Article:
Traumatic Brain Injury group
The research group is studying different aspects of Traumatic Brain Injury (TBI). TBI is one of the most important causes of death and disability among young adults in high income countries such as Norway, and the incidence rate is steadily increasing in developing countries. TBI affects physical, cognitive, emotional and social functioning.
The TBI group has a special interest in diffuse axonal injury (DAI; white matter lesions) also known as called traumatic axonal injury (TAI). We use imaging methods with emphasis on MRI from the acute to the chronic phase. Advanced MRI techniques such as fMRI and diffusion tensor imaging (DTI) may be useful tools to compare axonal injury and functional deficits after head injury. We also use methods such as quantitative EEG and cognitive event related potentials (ERP) in our research.
Our research is multidisciplinary, and the TBI group includes clinicians and researchers from many different departments at St. Olavs University Hospital and the Faculty of Medicine, NTNU. The group is headed by professor Anne Vik and professor Asta Håberg, and the group has several national and international collaborators.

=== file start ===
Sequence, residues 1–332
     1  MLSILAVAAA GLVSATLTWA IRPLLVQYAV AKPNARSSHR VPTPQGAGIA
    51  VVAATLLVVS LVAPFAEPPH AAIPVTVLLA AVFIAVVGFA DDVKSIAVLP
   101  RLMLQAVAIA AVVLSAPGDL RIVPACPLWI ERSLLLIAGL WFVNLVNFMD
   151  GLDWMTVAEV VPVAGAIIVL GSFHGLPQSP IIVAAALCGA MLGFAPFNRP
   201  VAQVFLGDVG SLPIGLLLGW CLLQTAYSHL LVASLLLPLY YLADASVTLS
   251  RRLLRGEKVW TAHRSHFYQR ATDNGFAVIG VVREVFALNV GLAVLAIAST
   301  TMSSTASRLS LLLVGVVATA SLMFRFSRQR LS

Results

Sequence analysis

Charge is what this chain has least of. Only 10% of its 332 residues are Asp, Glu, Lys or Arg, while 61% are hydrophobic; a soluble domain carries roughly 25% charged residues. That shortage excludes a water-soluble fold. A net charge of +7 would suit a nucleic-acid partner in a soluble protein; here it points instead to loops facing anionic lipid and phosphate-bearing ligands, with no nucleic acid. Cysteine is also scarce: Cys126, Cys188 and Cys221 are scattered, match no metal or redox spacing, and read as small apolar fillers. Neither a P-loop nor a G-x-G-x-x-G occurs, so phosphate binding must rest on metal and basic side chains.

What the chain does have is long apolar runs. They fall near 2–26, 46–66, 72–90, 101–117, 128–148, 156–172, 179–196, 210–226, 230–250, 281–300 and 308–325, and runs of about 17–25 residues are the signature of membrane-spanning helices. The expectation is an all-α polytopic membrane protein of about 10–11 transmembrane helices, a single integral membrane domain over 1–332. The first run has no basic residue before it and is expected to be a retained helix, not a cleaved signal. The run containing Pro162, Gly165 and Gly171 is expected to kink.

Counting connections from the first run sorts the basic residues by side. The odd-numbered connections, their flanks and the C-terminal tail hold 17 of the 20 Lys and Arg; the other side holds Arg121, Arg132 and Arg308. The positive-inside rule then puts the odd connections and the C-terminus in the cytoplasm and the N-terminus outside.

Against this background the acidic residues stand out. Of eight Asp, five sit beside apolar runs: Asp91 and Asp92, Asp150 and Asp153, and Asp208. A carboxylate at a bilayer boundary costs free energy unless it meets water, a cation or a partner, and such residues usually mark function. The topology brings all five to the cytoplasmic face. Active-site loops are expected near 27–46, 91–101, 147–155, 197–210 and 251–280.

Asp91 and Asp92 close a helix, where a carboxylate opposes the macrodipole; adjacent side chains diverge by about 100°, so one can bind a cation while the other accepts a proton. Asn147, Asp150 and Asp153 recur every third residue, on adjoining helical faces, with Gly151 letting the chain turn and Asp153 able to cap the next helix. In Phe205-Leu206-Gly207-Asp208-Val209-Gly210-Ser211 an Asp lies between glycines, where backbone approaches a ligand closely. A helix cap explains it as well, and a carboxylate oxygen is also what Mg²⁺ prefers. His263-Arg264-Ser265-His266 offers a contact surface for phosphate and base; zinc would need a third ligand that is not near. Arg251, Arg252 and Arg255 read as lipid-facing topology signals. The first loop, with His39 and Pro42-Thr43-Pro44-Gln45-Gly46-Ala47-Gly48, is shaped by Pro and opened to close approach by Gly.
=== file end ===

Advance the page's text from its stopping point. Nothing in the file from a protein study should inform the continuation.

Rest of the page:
The "Head Injury Project" is an on-going cohort study with comprehensive data collection from the scene of accident, through the acute phase and up to five years after the injury. Research topics include prehospital management, neurosurgery and intensive care, neuroimaging, rehabilitation and outcome.
In the project "Mild and moderate TBI" are patients examined using MRI within 72 hours, blood samples for analyses of biomarkers and neuropsychological testing repeatedly during the first year after the injury.
The research group is also contributing in the large scale EC study from february 2015: Center-TBI: https://www.center-tbi.eu/
The research group will be the coordinating center 2017-2020 for an ERA-NET Neuron study "TAI-MRI": A New Traumatic Axonal Injury Classification Scheme based on Clinical and Improved MR Imaging Biomarkers. The study is partly EU funded and have 4 partners: Cambridge University, Antwerp University and Radboud University: http://www.neuron-eranet.eu/index.php